Am I the only one noticing a bad trend or three in the American local church writ large? I doubt it. There's been much in the press and blogosphere about it of late. For instance, I'm not sure if registration is required, but it may be for this NYT article talking about the latest example of churches straying from their primary mission. Somewhere in the discussion about how many churches decided that honoring Darwinism was more important than preaching the Gospel, the story notes the decline in attendance of mainline churches and growth in conservative churches. The reason? I'll be getting to that in a second.
John at Blogotional touches on another place the church is, IMO, getting outside its core competency. Teaching stewardship is a wonderful thing, and an appropriate one. Entering the political debate on global warming, though, is not. In fact, I think John nails it with this quote: "This just is not stuff the church is supposed to be about - Christians yes, the church no."
This is the difference, I think, most at the root of why some churches are losing members while others are gaining. Too many churches are straying from the actual, God given responsibilities of the church and trying to make PC political hay instead of preaching the Gospel. This is on top of the problem of the impact of unorthodox teaching, which is also having an impact. When the church starts playing politics, or promoting science above revelation, or teaching things that are antithetical to what the Bible actually says, people leave. The converse seems to be true. When churches preach the Gospel and practice loving service, people are drawn in. Certainty has more appeal than doubt, and truth has more appeal than niceties. The church needs to get out of the business of trying to placate political constituencies. And don't get me started on the problems inherent in using the pulpit to advocate for political candidates - a problem that happens across the theological spectrum.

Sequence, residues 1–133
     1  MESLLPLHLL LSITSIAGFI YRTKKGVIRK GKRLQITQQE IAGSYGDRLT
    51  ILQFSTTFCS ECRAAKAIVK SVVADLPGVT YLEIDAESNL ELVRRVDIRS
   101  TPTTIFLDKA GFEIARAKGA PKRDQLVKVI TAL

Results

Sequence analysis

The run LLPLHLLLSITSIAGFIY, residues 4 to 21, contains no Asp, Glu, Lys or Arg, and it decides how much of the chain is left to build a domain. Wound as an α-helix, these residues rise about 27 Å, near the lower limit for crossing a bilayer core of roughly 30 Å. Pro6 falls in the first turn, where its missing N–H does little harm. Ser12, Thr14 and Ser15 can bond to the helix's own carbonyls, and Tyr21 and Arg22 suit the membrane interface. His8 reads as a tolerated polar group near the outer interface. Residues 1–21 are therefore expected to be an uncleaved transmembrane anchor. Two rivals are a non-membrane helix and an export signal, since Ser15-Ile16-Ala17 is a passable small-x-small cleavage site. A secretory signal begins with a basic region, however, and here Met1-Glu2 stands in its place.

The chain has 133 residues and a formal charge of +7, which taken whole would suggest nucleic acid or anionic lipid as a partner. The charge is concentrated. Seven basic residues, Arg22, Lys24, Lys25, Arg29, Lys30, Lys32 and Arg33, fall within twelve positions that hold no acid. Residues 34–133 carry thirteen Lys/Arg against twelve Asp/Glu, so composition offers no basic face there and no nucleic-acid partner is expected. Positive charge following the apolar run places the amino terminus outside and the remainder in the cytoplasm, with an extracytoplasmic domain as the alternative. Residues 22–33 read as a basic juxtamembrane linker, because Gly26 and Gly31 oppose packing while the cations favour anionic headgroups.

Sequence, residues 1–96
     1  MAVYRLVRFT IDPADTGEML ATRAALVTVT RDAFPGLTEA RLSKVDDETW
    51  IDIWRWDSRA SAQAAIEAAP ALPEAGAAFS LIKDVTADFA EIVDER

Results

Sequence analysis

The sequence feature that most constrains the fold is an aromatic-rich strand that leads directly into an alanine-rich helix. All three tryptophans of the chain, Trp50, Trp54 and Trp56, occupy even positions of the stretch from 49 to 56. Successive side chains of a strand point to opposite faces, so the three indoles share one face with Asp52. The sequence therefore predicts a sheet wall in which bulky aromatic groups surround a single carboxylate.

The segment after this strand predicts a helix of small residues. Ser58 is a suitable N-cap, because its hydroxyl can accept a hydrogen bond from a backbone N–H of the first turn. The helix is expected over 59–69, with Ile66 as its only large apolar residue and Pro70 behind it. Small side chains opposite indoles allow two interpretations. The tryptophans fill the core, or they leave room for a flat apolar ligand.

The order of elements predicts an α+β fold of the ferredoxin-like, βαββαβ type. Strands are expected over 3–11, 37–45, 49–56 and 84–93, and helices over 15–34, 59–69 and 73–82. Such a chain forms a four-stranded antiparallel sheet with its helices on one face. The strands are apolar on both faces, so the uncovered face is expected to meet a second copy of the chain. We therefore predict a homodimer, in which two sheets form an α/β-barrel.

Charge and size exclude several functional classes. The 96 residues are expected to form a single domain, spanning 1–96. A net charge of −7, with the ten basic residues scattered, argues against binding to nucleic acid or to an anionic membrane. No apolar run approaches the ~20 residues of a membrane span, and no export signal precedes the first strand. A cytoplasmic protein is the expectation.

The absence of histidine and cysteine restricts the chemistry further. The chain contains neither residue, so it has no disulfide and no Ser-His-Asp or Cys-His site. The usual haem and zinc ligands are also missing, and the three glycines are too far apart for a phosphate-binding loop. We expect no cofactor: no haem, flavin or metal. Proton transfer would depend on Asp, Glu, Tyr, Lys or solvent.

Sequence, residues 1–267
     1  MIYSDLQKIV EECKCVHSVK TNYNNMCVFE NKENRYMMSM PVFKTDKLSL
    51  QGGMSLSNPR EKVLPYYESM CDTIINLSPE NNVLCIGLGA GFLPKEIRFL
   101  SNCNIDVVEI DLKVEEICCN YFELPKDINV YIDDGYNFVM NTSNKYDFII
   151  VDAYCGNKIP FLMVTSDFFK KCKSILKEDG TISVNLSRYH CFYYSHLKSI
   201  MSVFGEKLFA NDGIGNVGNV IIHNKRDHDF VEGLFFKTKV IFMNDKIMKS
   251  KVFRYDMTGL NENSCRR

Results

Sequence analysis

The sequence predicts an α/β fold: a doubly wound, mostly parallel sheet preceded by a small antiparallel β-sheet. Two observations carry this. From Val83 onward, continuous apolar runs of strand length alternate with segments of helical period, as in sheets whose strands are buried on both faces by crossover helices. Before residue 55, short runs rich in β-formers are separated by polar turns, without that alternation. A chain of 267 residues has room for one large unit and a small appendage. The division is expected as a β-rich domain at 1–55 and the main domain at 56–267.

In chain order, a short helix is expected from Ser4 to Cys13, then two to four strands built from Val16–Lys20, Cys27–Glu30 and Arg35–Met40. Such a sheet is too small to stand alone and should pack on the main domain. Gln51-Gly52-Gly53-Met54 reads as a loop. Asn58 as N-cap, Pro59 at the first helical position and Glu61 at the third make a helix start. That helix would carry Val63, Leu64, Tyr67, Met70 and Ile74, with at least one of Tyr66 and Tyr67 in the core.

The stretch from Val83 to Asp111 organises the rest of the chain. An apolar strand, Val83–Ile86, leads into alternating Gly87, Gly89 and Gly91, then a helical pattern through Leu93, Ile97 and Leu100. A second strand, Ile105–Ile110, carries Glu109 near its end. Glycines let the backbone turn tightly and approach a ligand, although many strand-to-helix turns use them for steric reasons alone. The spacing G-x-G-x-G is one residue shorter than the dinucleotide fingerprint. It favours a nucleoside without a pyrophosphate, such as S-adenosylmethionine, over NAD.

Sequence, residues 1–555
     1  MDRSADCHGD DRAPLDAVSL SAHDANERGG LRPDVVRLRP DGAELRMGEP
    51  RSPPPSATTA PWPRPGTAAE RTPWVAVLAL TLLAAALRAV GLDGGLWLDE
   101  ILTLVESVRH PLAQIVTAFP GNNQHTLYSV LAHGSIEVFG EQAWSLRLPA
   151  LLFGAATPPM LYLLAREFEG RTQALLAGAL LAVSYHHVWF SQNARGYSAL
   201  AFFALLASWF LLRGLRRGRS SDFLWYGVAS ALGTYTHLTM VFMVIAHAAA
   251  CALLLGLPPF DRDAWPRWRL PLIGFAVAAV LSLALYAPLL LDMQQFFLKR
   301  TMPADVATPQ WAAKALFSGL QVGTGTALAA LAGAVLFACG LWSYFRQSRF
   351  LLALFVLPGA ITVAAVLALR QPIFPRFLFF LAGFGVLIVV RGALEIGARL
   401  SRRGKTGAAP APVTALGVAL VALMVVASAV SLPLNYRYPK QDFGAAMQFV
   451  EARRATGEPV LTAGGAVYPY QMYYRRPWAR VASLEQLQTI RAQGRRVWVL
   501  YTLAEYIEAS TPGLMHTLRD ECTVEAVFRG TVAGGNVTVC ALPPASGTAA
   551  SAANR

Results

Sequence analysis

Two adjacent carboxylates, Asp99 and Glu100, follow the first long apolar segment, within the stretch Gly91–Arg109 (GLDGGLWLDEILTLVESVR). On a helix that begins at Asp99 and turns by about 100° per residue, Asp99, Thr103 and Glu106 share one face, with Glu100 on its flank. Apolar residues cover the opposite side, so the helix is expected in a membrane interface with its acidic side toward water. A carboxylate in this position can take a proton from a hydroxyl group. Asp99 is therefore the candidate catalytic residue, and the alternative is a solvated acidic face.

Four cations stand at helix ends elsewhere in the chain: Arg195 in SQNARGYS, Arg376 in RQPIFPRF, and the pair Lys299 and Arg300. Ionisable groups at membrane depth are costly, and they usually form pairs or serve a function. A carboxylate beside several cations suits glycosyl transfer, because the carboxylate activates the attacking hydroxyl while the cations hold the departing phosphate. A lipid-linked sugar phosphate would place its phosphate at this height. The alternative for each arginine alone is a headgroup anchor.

A parallel issue is being talked about by Ed and others* regarding the dropping of church altogether. It appears that many people are leaving the church to focus on their own personal relationship, because the church isn't quite meeting their needs. Instead of trying to fix the problems, people are leaving. Um, bad idea. Quitting church isn't the answer. When the Bible addresses bad theology, the direction is to correct the heresy, or kick out those teaching it. It never advocates leaving the church because you don't think it's theologically correct enough for you.
The church is driving people away when it starts trying to be all things to each person instead of trying to be the church. It attracts people when it focuses on its calling. It abjectly fails when reaching outside its expertise to discuss things irrelevant to the Gospel. And it fails too when people with God-given gifts remove themselves from the church instead of trying to fix the problems they see.
Let's stop the folly of Darwin Sunday and get back to teaching the Gospel and living like Christ to the extent we sinners can (which is quite a bit if we allow Him to change us! Amazing!) In that way we attract more people - no, in that way God attracts more people to Himself through us.
*(Jollyblogger also talks about the book by Barna referenced by Ed. Christianity Today touches on the subject too.)